Earlier this year, Kenway Consulting went through an extensive reorganization activity, with the major outcome being four corporate strategies to drive our decisions for the years to come. My personal favorite among those strategies is the one titled, “Culture of Bi-Directional Privilege.”
Essentially, our philosophy is that we want each Kenway employee to feel privileged to work here. That’s one direction. And, we want to ensure that each Kenway employee is a privilege to employ. That’s the other direction. This bi-directional privilege is a consideration we ask of ourselves. But it got me thinking, could this philosophy work outside our four walls?
What if I viewed all my relationships through this bi-directional lens — what might that mean?
When a vendor offers me their services at an intentionally inflated cost expecting a negotiation to ensue, finally resulting in a “fair price,” do I feel privileged that they tried to gouge me initially? No. Do I feel privileged with the outcome? Not really.
When I receive a document for review from a colleague and I return it to them with tracked changes, but with no explanation as to the rationale for my changes, do they feel privileged to have had that experience with me? Probably not.
For every action, before the reaction, there is a moment we have to proactively contemplate a response. What if that moment of contemplation afforded me the opportunity to ask two questions? One, does my pending decision make me feel privileged to know this person and, two, will my pending decision likely make my counterpart feel privileged to know me? If either answer is no, it probably isn’t a good reaction.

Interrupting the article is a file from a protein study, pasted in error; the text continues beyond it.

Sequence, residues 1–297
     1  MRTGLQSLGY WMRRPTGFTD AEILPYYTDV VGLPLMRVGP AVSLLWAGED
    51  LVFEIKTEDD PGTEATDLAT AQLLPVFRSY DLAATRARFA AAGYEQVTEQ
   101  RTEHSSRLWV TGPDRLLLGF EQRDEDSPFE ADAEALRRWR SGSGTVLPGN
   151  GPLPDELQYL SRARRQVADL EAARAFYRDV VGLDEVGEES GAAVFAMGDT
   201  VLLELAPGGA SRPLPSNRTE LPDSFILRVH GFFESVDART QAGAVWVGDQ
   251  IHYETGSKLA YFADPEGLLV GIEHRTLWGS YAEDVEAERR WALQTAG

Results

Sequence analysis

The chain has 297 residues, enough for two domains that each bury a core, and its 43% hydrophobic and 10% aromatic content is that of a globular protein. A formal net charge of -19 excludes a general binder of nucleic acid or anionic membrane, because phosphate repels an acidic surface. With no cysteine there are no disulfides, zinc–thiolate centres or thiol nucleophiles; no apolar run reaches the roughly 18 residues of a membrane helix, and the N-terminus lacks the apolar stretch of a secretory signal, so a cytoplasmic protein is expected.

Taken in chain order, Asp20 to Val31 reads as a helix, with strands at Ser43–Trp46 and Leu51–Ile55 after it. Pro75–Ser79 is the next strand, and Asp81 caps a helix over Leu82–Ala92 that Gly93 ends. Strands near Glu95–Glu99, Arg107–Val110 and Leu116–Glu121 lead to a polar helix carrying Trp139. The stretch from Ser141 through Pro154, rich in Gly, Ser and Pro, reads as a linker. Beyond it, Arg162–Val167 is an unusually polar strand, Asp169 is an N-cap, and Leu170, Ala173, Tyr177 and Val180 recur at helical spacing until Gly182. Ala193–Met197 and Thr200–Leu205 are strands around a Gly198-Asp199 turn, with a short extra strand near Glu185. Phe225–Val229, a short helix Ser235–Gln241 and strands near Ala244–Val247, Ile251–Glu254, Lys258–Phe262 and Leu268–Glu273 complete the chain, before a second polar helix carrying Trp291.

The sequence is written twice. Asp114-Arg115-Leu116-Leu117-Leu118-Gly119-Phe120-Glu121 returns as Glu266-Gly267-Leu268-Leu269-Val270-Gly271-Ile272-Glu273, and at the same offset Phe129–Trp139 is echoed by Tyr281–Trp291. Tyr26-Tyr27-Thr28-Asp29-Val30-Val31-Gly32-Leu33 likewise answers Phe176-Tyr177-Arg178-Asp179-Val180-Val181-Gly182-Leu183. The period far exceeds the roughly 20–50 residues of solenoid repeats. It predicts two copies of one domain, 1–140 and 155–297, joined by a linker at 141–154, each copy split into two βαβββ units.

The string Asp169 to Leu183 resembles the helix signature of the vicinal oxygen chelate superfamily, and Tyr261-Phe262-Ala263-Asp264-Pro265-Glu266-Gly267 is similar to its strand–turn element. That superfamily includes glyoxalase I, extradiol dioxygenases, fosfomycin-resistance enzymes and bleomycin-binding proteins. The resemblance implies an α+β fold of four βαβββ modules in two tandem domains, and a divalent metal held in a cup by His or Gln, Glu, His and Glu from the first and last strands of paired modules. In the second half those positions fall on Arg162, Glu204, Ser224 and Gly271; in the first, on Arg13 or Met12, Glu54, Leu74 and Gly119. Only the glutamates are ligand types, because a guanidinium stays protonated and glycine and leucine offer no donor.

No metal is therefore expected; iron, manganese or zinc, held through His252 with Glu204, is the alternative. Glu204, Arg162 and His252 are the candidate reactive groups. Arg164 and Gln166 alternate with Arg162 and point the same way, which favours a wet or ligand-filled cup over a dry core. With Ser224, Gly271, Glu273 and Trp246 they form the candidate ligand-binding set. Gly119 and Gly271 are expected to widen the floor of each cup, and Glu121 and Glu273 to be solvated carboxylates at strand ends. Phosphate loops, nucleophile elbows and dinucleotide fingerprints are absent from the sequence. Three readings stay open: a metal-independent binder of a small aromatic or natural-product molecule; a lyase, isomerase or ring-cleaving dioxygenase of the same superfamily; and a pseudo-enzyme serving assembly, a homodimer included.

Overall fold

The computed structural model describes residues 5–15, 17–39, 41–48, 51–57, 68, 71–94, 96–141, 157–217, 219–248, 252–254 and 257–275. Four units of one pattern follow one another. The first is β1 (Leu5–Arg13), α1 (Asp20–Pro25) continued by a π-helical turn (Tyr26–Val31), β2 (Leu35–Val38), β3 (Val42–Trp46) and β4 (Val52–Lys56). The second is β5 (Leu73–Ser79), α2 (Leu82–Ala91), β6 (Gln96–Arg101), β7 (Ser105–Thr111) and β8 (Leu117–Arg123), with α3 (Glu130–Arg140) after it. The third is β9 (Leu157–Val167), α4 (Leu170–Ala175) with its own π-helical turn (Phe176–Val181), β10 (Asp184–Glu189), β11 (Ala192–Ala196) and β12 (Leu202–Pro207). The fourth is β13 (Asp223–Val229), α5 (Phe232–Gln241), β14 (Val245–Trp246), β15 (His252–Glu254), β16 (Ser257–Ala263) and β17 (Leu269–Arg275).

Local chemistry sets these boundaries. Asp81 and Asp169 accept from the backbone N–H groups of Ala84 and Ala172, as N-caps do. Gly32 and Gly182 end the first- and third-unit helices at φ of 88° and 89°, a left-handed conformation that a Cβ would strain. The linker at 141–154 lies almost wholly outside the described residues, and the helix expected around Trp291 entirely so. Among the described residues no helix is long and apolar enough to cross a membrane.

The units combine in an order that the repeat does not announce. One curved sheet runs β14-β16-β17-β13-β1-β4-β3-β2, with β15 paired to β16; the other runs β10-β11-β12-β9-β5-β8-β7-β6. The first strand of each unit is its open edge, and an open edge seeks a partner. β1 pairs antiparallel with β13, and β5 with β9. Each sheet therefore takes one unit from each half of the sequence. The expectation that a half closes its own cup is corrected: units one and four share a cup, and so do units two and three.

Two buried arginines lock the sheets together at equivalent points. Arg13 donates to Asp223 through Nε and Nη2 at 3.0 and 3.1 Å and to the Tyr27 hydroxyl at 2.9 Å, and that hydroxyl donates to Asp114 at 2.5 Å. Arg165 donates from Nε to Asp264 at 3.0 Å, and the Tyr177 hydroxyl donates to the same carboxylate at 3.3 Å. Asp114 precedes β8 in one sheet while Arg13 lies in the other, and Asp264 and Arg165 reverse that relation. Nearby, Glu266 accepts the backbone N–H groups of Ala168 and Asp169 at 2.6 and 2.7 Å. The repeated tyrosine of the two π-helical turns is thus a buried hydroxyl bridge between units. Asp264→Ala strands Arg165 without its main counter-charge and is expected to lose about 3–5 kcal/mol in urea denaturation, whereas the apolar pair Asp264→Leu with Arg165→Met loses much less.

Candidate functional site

This doesn’t mean that everyone will always be happy with every single thing we do. However, if we give honest consideration to bi-directional privilege, we will ensure that all our decisions are well-intended, defensible and unselfish. In our current world climate, well-intended, defensible and unselfish are pretty darn good.
To learn more about Kenway’s Culture of Bi-Directional Privilege, contact us at email@example.com.
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